USGebWeb Cheat Sheet

USGebWeb Cheat Sheet

USGenWeb Quick Links • Census Images <> • Church Records <> • Court Cases Report <> • Digital Map Library <> • Document Preservation <> • How...

USGenWeb Quick Links

 Census Images

 Church Records

 Court Cases Report

 Digital Map Library

 Document Preservation

 How to Write and Post a Query

 Index of State Pages

 Lineage Researchers

 Maiden Names and Naming Patterns

 Marriage Project

 Obituary Project

• Old Occupations

• Tips for Finding an Obituary

 Tombstone Transcription Project

 USGenWeb Archives Newsletter

 USGenWeb Archives Search Engine


• WorldGenWeb


 7 Steps to Study Ancestral Places

 Growing Pains: USGenWeb and RootsWeb

 Navigating USGenWeb

Hacks and Shortcuts

• Utilize countywide search engines. Some county coordinators have installed an on-site search engine that will search all of the pages within their county. You can use the search engine to quickly locate your surname or surname variants.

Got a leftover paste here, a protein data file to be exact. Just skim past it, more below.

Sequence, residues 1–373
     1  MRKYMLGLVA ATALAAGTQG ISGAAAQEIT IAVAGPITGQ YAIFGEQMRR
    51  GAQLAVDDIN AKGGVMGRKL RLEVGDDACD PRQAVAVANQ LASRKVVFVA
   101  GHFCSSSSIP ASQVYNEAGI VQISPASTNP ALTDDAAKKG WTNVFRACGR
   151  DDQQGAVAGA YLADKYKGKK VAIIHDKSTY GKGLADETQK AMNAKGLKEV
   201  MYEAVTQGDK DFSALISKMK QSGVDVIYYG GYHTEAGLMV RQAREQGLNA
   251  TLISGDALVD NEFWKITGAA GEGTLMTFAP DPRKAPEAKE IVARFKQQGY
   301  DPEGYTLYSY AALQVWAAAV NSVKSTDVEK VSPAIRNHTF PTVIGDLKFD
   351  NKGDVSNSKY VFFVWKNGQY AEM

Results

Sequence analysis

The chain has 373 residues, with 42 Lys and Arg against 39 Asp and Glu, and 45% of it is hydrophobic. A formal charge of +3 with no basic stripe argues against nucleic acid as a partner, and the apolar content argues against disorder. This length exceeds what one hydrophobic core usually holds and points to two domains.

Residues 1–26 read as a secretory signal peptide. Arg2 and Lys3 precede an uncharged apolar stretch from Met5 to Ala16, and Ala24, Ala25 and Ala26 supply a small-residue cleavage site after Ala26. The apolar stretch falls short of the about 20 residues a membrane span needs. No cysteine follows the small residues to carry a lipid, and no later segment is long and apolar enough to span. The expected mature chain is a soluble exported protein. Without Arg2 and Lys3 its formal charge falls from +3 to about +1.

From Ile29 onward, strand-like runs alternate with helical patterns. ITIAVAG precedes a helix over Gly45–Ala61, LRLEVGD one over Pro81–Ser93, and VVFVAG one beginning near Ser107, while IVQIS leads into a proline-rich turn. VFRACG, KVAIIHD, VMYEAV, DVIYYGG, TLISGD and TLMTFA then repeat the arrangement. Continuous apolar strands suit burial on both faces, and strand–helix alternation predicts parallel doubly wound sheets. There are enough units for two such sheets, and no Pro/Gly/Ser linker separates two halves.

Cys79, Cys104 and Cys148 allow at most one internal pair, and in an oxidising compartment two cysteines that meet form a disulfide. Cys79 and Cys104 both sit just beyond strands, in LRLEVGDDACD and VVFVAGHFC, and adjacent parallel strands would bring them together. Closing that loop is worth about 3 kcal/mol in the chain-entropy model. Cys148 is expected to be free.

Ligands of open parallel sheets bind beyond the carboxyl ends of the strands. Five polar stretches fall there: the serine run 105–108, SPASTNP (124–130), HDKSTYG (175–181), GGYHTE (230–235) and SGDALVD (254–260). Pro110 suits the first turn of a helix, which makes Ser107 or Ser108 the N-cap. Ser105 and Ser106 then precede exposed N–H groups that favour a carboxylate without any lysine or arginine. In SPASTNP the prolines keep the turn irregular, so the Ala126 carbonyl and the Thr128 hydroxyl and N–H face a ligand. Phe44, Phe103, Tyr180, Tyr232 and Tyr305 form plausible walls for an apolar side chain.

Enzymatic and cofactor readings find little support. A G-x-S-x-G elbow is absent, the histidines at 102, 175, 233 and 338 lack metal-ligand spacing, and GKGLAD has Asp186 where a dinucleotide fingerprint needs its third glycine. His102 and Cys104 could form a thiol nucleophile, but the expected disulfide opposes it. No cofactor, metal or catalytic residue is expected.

• Remember to check state pages. Although most research gems live on USGenWeb’s county pages, be sure to check the state page for the place your ancestors lived, as well. The state-level pages often have links to special projects, queries too new to be indexed, lists of local researchers who’ll do lookups, contacts for state-level records and statewide databases.

 Search “unknown counties.” Make sure you visit the Unknown County Query section of a state’s page. Here, you’ll find surname queries left by researchers who knew only which state an ancestor was in, but not which county.

• Do an extended search. Don’t rely on just the state or just the national USGenWeb search engine—make sure you run the same searches using both. To be thorough, run a Google search of the entire site for pages with information related to your family. Model your Google search string after this one: “your search term”

Customer Support

If you have a comment or question about the county pages, e-mail the county coordinator, whose e-mail address is typically on the county home page. If you’re experiencing technical problems, look for a link to e-mail the webmaster. Note that unless you see information stating otherwise, county coordinators and project administrators aren’t able to help with research-related questions.
From the September 2010 Family Tree Magazine 

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